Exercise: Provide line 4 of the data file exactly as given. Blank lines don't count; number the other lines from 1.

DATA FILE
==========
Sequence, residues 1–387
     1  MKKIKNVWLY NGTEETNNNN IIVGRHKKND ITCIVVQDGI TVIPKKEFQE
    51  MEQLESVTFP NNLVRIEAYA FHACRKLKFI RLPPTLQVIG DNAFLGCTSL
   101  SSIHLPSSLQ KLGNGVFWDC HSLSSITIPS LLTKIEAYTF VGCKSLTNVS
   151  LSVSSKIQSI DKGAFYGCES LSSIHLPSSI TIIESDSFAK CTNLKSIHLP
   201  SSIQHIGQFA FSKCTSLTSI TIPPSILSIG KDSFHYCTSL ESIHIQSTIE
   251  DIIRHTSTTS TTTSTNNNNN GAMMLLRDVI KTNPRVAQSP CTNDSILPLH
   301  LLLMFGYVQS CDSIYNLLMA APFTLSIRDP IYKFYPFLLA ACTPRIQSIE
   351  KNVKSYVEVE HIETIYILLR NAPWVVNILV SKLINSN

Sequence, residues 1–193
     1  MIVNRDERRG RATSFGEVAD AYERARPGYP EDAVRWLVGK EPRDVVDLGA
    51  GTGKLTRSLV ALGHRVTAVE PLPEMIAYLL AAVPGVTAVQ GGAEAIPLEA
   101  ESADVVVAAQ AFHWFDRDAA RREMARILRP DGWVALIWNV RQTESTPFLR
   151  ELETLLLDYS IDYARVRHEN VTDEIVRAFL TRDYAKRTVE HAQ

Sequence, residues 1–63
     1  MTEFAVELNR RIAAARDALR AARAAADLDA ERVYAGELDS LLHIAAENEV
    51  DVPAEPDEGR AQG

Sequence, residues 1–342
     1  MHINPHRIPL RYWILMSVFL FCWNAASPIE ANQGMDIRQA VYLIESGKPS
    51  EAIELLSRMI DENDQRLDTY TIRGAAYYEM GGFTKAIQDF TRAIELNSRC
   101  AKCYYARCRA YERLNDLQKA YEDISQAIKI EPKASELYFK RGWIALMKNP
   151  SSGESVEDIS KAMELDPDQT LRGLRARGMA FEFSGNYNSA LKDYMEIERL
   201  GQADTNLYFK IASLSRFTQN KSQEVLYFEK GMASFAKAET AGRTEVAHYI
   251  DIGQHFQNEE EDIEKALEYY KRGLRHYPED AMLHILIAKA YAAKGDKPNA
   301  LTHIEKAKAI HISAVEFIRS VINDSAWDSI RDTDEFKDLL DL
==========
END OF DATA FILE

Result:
   101  SSIHLPSSLQ KLGNGVFWDC HSLSSITIPS LLTKIEAYTF VGCKSLTNVS